• Multi-op requests to perform many single-record operations atomically in one request

Fast Ingest Rate

The database must support fast ingestion speeds so that surges in real-time data feeds do not overwhelm the system or result in data loss.

The database must support batch operations for read, write, delete and user-defined logic, so that ingest can achieve the necessary high throughput.

Fast Queries

The database must handle concurrent queries over large data efficiently and provide various indexes and preferably granular control over parallel processing of queries.

Convenient JSONPath-Based Access

JSONPath-based document API offers a convenient way to access and modify specific elements within a document and is discussed below.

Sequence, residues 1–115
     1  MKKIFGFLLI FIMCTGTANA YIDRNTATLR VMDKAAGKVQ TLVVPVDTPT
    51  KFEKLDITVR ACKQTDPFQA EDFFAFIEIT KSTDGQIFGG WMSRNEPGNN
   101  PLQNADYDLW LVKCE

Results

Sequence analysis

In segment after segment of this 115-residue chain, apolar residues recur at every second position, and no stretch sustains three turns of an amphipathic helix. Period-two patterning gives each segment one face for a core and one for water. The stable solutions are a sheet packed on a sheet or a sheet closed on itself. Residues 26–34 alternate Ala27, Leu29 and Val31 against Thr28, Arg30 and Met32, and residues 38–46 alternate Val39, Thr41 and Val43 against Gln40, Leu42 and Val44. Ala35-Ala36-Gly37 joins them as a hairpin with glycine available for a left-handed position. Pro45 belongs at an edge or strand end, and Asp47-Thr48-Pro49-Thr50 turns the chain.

Rich Document Functionality

JSON documents are stored in the database in data types that must offer rich functionality, as described below.

Efficient Storage and Transfer

The internal format must allow the documents to be stored and transferred efficiently.

Rich API

The API must support complex processing on the server side to eliminate data retrieval to the client side.

Well Integrated into Other Performance Features

The document data types must be well integrated into various performance features, including server-side processing, batch requests, multi-op requests and secondary indexes.

  • Documents can be used in expressions that offer efficient server-side execution.
  • Batch requests can be performed on multiple documents.
  • Multi-op requests allow many operations on one document to be performed in one request. For instance, in the same request, you can add items to a JSON array, sort it, get its new size and top N items.